April 2016Reading List

Committed Teams: Three Steps to Inspiring Passion and Performance

Committed Teams: Three Steps to Inspiring Passion and Performance

If you believe the headlines, teams are dead. They waste time and underperform. They’re dysfunctional and slow. But for all of the pronouncements and predictions, teams are still responsible for most of the work in organizations, and some of them do it quite well. The problem, it seems, isn’t with teams themselves — it’s with the ways in which they’re run.

In their new book Committed Teams: Three Steps to Inspiring Passion and Performance (Wiley, 2016), Mario Moussa, Madeline Boyer, and Derek Newberry share a simple method for team leadership that’s backed by years of research and results. The authors have had a front-row seat in Wharton’s Executive Development Program (EDP), observing and coaching over 100 teams of high-level executives in the program’s highly realistic business simulation. They’ve seen common mistakes, avoidable missteps, and absolute failures. But they’ve also seen what works.

Based on their research, Moussa, Boyer, and Newberry have created a process that any team can use to boost engagement and supercharge performance. Based on a “3x3 Framework,” the process works for teams of all kinds in any environment. The special concerns of virtual teams, committees, startups, and leadership groups are addressed, and the seven most common mistakes are explored.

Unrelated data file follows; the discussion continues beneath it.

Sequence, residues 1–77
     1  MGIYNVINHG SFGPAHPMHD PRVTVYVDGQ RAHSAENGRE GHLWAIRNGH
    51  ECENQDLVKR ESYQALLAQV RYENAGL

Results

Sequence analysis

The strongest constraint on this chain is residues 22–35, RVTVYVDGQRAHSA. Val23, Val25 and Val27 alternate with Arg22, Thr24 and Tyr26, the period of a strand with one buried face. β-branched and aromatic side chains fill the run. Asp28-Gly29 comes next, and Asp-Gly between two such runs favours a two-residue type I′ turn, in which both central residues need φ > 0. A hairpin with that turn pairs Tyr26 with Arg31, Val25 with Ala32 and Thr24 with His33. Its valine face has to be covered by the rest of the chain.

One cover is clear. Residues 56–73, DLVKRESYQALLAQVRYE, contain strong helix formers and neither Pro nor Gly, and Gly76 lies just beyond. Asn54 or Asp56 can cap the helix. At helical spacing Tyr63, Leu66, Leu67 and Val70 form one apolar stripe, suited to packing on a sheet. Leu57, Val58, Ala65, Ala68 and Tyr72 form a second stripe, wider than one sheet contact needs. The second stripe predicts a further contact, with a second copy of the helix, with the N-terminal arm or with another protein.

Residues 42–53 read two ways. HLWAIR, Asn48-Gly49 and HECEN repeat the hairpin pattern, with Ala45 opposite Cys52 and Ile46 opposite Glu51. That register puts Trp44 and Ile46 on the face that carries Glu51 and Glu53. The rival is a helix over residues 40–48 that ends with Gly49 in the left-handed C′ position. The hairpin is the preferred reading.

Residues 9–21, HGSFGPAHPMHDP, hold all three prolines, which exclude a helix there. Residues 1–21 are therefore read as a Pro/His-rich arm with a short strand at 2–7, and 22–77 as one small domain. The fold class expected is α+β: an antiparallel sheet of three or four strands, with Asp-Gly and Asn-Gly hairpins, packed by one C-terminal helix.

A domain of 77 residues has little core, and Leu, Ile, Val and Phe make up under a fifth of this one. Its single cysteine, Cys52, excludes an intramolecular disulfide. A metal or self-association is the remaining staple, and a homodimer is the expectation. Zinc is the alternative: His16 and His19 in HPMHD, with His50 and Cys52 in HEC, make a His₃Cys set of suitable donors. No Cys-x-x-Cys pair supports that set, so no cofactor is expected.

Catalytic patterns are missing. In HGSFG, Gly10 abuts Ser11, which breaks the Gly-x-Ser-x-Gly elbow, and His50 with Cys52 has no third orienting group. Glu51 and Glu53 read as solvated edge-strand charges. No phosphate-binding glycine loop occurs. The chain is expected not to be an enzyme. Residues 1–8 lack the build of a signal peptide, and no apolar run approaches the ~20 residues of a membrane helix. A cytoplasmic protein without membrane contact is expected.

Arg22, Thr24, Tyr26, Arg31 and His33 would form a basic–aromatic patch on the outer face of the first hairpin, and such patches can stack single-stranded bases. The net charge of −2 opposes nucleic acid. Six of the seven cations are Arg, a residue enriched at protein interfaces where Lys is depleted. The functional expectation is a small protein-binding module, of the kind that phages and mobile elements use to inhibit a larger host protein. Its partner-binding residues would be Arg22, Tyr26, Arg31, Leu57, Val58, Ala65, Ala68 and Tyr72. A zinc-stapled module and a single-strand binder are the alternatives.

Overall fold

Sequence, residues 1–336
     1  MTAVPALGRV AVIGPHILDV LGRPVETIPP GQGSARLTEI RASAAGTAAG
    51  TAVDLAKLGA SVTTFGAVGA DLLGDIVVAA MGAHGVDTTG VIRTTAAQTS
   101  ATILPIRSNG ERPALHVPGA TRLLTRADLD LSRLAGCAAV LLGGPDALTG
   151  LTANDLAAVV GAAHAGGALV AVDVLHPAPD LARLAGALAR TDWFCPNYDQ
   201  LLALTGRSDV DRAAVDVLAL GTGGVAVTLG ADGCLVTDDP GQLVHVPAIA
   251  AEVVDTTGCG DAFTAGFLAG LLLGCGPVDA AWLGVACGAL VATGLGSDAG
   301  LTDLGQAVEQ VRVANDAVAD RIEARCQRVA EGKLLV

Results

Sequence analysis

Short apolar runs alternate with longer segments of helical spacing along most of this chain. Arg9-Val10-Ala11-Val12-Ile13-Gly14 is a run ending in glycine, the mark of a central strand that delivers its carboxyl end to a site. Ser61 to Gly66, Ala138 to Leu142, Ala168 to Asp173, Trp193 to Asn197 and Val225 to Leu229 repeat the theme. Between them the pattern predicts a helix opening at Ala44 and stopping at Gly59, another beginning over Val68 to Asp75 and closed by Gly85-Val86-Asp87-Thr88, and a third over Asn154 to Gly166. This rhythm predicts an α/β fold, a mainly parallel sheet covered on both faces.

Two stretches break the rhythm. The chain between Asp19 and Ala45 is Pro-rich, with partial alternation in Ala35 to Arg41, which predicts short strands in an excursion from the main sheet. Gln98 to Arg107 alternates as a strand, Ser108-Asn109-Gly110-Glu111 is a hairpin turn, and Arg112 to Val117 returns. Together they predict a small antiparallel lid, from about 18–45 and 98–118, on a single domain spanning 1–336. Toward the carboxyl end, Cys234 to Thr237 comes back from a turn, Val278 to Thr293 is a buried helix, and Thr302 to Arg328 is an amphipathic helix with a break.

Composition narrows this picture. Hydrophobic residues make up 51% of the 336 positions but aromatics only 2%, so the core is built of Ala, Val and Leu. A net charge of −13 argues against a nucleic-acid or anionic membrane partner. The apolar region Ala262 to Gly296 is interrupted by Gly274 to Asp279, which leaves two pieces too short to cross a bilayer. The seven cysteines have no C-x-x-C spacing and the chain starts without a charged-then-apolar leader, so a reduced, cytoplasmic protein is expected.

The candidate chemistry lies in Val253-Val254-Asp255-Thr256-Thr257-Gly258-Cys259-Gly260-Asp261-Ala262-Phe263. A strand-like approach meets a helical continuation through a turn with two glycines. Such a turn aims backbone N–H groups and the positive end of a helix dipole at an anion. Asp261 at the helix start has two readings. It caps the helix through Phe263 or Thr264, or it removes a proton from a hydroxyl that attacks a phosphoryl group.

And while the practical guide was formulated for teams, many of its elements can also be applied to other work situations to improve individual performance. Actionable advice on becoming your own observer, leading more effective one-on-ones, and creating a plan for inevitable setbacks can boost overall achievement.

In the conclusion, “The Future is Teams,” the authors share observations on current workplace trends and new ways of collaborating and teaming. Recommendations for working in flatter, looser, wider, and faster teams are based on timely examples, including Zappos’ Holacracy and the rise of freelancing. A “Toolbox for the Hyper-Collaborative World” brings the discussion back to the practical 3x3 Framework and its application to these new forms of teamwork. As Moussa, Boyer, and Newberry explain, since teams continue to evolve, “your ability to be a flexible, committed, high-performing teammate will determine whether you work at all.” It’s a powerful reason to add their book to your reading list.